Generic Nature of Long-Range Repulsion Mechanism on a Bulk Insulator?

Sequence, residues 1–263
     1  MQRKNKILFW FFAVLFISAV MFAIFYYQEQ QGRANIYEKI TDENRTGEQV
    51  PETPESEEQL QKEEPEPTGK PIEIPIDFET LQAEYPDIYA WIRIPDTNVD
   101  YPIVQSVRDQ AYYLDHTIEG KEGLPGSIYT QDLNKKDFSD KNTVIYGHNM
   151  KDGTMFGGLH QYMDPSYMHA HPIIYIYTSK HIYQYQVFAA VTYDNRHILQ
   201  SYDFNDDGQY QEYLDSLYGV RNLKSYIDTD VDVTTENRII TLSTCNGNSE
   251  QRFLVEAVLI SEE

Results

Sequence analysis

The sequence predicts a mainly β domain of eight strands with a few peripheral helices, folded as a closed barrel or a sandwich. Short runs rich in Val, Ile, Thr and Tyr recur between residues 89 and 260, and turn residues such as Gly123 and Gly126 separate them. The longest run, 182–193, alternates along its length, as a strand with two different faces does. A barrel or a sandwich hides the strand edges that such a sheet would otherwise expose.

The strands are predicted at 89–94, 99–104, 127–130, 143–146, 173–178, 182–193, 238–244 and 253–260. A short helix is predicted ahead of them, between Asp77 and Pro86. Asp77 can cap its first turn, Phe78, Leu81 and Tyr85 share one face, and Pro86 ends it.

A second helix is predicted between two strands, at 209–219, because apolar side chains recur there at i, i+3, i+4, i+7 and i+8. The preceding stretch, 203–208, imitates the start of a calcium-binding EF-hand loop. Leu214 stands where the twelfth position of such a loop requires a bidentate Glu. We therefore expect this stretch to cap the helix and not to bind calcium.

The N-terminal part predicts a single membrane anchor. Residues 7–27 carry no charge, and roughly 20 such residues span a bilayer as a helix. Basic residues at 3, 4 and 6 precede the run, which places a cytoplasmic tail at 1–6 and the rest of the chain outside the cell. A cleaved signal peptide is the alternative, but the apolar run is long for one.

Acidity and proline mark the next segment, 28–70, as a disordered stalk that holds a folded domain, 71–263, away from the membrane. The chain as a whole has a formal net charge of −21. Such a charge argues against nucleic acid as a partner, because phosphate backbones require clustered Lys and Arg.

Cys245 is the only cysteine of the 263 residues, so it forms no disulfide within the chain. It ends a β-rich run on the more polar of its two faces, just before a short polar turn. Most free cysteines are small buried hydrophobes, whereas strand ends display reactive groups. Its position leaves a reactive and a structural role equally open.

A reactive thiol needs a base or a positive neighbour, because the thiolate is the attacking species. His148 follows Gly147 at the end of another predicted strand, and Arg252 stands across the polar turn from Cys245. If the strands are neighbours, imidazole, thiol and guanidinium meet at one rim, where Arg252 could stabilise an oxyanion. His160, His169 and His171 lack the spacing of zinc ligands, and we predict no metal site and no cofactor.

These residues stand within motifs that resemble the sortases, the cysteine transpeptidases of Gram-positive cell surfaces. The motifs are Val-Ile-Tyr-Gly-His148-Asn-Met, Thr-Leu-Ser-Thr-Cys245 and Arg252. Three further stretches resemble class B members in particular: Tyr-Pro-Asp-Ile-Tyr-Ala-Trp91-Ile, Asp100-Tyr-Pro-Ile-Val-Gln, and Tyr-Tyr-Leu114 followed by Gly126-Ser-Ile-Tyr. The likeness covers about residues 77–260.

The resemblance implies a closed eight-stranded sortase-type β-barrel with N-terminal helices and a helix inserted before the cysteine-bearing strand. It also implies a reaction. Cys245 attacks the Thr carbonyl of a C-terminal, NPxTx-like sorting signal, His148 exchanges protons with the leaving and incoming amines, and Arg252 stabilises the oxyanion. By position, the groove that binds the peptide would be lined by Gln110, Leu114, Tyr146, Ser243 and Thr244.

Dynamic atomic force microscopy measurements are reported that provide evidence for the presence of long-range repulsion in molecular self-assembly on a bulk insulator surface. We present the structures formed from four different benzoic acid derivatives on the (10.4) cleavage plane of calcite kept in ultra-high vacuum. These molecules have in common that they self-assemble into molecular stripes when deposited onto the surface held at room temperature. For all molecules tested, a detailed analysis of the stripe-to-stripe distance distribution reveals a clear deviation from what would be expected for randomly placed, non-interacting stripes (i.e., geometric distribution). When excluding kinetic effects during growth, this result gives evidence for a long-range repulsion mechanism acting during the assembly of these stripes. The fact that this finding is robust against changes in the molecular structure indicates a generic nature of the observed mechanism, implying a ubiquitous origin such as electrostatic repulsion. Finally, we discuss parameters that might affect the unambiguous observation of this generic repulsion under specific experimental condititions.